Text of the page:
Five minutes away from my house is a cremation ground that makes its presence felt every time I look out the window from one of the rooms. I can see smoke rising from a chimney, and sometimes an odd smell of burning flesh grips me. Bang in the middle of my life is a reminder of death.
Every time I have walked out of that cremation ground, my senses have become acutely aware. Saying goodbye to a loved one I did not expect to lose so soon is always a bit instructive. Seeing death at close quarters reminds me of own limited shelf life.
I resolve to use my time more responsibly. I vow to let go of grudges that have refused to leave. I promise to write gratitude notes to those I haven’t thanked enough, and apology notes to those I have hurt or wronged.
When I told him that I would like to visit Pakistan again, and work for peace between both countries, he rolled his eyes
Nisarg died five days after I met him. It now occurs to me that I didn’t even ask about his age, education, profession, Facebook account, phone number, or purpose in life. Few interactions in Mumbai happen without the exchange of such information, especially in the circumstances we met – four times in five days. Each occasion was special because our time together was mainly spent in prayer.
Though he got to know me only through his parents, as part of a Buddhist spiritual and cultural organization called Soka Gakkai International that we are all part of, he welcomed me into his world instantly. He was warm, chatty and friendly.
Despite our ideological differences on the matter of India-Pakistan relations, we found collective joy in chanting parts of the Lotus Sutra – a text that affirms the potential of all beings to end their suffering and achieve their highest potential through strong determination and sincere action.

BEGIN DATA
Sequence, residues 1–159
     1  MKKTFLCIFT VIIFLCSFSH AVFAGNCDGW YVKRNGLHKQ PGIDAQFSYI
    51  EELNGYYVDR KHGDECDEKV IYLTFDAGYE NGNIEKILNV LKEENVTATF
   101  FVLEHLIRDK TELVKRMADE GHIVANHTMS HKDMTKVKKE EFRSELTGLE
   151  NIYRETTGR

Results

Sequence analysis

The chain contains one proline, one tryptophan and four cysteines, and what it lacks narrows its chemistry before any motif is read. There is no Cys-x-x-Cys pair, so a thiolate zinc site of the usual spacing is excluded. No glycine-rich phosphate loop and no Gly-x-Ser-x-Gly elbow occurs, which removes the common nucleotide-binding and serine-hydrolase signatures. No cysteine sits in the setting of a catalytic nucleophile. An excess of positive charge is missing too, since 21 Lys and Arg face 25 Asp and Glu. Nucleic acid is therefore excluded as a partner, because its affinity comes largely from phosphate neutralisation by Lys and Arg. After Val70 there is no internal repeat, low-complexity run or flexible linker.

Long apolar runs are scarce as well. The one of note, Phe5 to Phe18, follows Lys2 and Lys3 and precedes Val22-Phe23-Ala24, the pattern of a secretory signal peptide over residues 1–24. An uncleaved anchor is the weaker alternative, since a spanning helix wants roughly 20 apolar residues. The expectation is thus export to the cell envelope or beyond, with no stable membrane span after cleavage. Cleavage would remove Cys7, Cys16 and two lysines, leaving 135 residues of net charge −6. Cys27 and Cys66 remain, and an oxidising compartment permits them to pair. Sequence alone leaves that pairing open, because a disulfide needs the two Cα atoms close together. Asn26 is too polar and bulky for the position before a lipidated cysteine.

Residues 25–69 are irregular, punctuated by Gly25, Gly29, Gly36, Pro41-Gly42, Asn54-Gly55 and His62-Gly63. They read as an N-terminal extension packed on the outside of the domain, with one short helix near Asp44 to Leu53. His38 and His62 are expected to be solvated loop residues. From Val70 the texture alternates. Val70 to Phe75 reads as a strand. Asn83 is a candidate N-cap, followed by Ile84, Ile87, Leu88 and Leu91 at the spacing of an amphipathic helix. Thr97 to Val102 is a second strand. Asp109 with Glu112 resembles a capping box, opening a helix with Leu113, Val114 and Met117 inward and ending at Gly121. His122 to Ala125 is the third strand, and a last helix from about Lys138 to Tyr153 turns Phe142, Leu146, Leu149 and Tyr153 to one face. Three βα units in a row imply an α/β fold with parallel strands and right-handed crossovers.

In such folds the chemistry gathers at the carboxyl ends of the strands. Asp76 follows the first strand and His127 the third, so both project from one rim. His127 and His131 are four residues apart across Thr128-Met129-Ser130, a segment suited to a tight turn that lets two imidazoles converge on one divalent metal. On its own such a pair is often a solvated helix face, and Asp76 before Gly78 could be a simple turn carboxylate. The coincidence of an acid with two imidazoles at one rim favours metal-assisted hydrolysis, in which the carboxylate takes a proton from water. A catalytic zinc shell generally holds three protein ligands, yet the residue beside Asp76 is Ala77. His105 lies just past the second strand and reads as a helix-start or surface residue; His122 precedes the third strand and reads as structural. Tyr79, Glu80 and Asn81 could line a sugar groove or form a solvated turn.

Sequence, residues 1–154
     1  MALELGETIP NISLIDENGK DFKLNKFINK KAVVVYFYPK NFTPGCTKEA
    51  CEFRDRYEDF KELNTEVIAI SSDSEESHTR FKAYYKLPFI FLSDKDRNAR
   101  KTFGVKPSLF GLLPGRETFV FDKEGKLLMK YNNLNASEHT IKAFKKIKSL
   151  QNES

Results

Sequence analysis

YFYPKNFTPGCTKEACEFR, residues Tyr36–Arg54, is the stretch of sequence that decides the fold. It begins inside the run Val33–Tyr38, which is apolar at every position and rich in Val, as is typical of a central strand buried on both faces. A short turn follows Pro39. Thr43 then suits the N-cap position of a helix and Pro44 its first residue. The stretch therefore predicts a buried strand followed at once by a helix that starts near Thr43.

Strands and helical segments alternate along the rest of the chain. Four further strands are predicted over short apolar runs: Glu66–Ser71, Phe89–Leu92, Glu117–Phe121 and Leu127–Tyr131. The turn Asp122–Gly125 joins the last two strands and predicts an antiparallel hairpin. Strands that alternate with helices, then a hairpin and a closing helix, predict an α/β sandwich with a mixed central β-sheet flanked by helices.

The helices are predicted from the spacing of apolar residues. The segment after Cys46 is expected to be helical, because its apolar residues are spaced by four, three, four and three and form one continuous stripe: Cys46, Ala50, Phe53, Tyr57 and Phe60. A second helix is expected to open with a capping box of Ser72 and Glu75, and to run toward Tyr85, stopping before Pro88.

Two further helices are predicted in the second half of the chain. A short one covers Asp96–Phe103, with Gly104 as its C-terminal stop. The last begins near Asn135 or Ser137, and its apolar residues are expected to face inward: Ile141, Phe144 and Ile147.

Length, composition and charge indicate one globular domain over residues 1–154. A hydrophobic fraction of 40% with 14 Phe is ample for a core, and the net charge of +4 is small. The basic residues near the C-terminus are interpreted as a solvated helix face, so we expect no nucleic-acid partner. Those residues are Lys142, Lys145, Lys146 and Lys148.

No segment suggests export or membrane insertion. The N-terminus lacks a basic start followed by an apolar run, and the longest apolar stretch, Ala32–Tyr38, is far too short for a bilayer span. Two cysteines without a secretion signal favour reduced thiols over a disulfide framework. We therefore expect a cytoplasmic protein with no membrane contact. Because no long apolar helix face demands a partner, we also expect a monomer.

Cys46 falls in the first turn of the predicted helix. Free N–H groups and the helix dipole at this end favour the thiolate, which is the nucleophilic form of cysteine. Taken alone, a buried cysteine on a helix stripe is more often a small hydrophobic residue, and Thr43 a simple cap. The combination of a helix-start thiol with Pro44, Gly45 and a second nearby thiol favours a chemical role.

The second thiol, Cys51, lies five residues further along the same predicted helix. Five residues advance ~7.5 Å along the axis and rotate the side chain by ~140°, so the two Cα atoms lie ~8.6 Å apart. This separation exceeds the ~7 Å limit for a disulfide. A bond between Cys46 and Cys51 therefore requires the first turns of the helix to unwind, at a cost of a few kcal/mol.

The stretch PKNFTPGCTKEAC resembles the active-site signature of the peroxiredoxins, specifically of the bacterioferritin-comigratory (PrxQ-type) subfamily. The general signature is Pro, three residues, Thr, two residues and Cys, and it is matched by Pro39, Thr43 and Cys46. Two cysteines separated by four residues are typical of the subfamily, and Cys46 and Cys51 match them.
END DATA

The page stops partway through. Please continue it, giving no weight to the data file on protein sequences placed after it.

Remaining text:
I love it because it offers every individual the opportunity to be in charge of their own happiness, however difficult their circumstances might be. There is no need to sink into despair, however murky one’s past might have been, because one can learn to change poison into medicine – transform negative thoughts and tendencies into solid opportunities for growth.
It is this coming together through faith that enabled Nisarg and I to have a deeper conversation that moved beyond point-scoring. He was terribly angry with Indian actors who had spoken up in support of Pakistani actors who were made to feel unwelcome in India. He called these Indians traitors, and also identified for me the source of his views – all that he had been consuming from television talk shows.
I did not interrupt him when he spoke. I did not try to correct his view or impose mine. Once he saw that I was willing to acknowledge his feelings, and continue to be respectful, he too became open to hearing about my experiences in Pakistan. I agreed with him that Hindu minorities do face discrimination in Pakistan. He agreed with me that Muslims in Pakistan can be and are hospitable towards Indians who visit – even if their government is at loggerheads with the Indian government.
We managed to find common ground. There was a discernible lessening of intensity as far as his anger was concerned. And our shared language of prayer assured us that we could learn to wish for the well-being of even those who made us furious.
When I told him that I would like to visit Pakistan again, and work for peace between both countries, he rolled his eyes, and said that he would pray for me to reach and return safely.
As I saw his body burn on the pyre, I thanked him for teaching me that engaging patiently with those who hold opposing views is a worthwhile enterprise. Nisarg, I am sure, would have loved reading this piece.
Chintan Girish Modi is a Mumbai-based writer who believes that Indians and Pakistanis can live together in peace. Tweet to him @chintan_connect